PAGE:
The travesty, of course, is that many of the people who fund the Arts Council are low-income taxpayers. In effect, the government takes their money and gives it to government-worshipping artists, who crow bogusly about how ‘inclusive’ and ‘Impactful’ their art is. Moreover, people who buy National Lottery tickets tend to be among the least educated members of society; it isn’t called the ‘Stupid Tax’ for nothing. Whether through compulsory taxation or the National Lottery, the Arts Council exercises its largesse by way of a transfer of wealth from the poor to the rich. And the beneficiaries of that transfer tend to be, above all, the talentless folk, whether ‘artists’ or bureaucrats, who feel at home in an ecosystem of ostentatious abstraction and phoney benevolence, of social prowess masquerading as compassion. 

‘Collectively’, says the Arts Council website, ‘we can tell a powerful story about the value of public investment in arts and culture’. A powerful story! What better way of describing the history of statist collectivism: the exercise of power based on a fiction. State planning doesn’t create great art. If it did, the Arts Council’s seventy year history of increasing spending would have brought forth an artistic golden era rather than the arts ‘crisis’ which you often hear talked about today. Or, to put the point another way: Shakespeare, Monet and Bob Dylan didn’t fiddle around with online application systems so as to acquire government funding. No, these true artists were out there finding and making opportunities in the real world, a world in which the resources of the economy hadn’t been corralled by the state, not to today’s extent; in Britain the government accounts for almost 50% of national spending, and in the US the figure is around 42%.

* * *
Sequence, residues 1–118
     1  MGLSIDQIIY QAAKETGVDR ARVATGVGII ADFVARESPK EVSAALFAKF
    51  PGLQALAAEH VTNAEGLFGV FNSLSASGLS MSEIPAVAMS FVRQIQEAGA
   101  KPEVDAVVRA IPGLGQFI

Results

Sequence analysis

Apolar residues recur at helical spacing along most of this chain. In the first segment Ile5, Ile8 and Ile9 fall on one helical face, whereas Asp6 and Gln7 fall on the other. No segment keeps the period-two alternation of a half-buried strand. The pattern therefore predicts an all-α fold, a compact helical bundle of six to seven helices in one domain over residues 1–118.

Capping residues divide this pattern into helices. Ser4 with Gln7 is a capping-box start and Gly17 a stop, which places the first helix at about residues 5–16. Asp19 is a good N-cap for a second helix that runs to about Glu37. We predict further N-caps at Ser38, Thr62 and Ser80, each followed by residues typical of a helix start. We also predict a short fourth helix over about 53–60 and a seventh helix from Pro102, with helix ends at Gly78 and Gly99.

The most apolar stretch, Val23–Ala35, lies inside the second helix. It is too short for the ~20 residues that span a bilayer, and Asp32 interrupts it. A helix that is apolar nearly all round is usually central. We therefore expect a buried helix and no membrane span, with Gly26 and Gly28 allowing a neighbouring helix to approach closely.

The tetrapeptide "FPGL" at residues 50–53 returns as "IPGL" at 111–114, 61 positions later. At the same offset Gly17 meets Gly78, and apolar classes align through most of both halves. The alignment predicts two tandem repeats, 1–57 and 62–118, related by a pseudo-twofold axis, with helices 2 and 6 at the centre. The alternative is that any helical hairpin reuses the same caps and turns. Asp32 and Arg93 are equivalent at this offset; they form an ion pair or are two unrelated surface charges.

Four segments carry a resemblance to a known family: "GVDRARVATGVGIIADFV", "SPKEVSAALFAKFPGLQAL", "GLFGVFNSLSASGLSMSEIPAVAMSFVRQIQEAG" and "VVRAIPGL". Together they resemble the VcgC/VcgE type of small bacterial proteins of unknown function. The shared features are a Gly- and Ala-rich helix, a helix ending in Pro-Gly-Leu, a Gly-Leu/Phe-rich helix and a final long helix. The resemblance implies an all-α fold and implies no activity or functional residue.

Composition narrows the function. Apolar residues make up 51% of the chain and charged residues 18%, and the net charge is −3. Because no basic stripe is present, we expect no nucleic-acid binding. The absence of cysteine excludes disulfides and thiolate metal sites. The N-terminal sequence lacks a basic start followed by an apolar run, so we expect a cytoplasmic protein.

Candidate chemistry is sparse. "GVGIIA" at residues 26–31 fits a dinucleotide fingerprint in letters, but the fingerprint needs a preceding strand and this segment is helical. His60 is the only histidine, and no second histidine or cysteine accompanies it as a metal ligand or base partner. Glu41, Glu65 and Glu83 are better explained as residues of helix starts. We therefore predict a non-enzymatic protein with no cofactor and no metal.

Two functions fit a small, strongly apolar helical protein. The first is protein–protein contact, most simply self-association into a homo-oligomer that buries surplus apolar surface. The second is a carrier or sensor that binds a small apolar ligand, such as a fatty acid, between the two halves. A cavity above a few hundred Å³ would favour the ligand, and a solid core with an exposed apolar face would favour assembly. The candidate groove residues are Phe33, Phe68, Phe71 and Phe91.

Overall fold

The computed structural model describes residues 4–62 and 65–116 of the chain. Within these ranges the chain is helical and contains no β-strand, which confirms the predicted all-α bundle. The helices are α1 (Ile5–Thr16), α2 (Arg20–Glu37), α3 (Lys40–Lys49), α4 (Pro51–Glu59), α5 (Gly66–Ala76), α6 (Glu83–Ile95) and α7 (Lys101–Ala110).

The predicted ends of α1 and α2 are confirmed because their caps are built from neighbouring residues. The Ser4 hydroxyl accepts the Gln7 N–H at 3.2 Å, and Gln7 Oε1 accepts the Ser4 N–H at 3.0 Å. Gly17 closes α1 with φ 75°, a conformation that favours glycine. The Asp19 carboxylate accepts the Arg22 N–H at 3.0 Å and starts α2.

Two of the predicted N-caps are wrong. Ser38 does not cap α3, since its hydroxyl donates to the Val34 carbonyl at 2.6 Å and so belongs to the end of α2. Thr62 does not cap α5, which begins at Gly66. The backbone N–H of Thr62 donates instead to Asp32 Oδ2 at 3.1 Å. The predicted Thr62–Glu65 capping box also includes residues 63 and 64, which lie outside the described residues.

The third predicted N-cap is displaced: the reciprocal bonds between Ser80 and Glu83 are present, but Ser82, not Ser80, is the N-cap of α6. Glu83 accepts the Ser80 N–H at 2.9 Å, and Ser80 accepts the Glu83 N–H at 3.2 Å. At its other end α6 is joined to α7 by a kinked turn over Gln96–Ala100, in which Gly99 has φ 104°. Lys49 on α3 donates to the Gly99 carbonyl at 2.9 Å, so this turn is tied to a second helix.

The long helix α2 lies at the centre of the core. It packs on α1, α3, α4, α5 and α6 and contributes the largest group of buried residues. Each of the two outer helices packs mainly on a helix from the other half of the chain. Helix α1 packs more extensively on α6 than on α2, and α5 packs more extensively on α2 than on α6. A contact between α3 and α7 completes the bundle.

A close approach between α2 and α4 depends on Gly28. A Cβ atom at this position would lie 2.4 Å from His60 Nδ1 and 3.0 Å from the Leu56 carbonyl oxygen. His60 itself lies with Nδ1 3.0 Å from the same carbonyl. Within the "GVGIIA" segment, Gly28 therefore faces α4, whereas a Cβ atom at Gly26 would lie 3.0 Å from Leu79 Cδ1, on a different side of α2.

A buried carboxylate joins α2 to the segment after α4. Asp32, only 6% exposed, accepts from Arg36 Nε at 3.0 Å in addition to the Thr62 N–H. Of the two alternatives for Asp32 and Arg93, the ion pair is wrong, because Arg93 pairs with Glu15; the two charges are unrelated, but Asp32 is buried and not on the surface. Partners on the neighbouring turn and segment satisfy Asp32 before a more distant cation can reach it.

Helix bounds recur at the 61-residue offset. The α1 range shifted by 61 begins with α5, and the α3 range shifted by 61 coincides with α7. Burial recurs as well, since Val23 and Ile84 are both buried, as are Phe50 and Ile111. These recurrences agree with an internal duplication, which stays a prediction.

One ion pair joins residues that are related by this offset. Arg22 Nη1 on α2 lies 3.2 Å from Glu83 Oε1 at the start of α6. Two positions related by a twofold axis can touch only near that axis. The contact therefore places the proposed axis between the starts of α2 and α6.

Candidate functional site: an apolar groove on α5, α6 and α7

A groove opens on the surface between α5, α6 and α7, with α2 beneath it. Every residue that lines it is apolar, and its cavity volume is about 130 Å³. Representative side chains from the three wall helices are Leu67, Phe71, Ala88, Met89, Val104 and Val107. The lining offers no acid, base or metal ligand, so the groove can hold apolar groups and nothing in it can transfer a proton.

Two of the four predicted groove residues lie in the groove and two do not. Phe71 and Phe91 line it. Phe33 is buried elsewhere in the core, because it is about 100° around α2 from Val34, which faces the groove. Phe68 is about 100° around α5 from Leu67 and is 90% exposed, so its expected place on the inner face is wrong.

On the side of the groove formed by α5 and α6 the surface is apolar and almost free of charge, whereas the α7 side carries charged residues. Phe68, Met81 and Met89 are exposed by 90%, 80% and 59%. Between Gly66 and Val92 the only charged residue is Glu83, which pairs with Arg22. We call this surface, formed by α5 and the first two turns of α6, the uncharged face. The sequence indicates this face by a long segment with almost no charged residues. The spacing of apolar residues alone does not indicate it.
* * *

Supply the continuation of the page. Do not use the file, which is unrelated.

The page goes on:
Great art flourishes amid great freedom. The same goes for most of the ‘results’ a civilised society should strive to achieve, including the flourishing of the poor.    

I’d like to see most of the Arts Council’s money left in taxpayers’ pockets. Indeed, I’d like to see much of the apparatus of the state wither away, leaving fertile soil upon which genuine communities will form, whose members, in inspiring and consoling each other in an authentic way, will enjoy art – creating, patronising and consuming it – without the government’s say-so.  


Ben Irvine was born in Albury, Australia, in 1979, and grew up in East London. He studied Natural Sciences (BSc) and Philosophy (MA) at the University of Durham, then moved to Cambridge University, where he completed his PhD in the History and Philosophy of Science, in 2008.

In his work as a writer, entrepreneur and campaigner, Ben uses insights from a range of academic disciplines – including evolutionary psychology, biology, sociology, history and economics – to promote the concept of wellbeing to a wider public.

Describing himself as a ‘recovered philosophical hypochondriac’, Ben seeks to reorient philosophy (and humanities disciplines influenced by philosophy) away from traditional theorising and towards solving problems in living, whether concerning individuals or groups.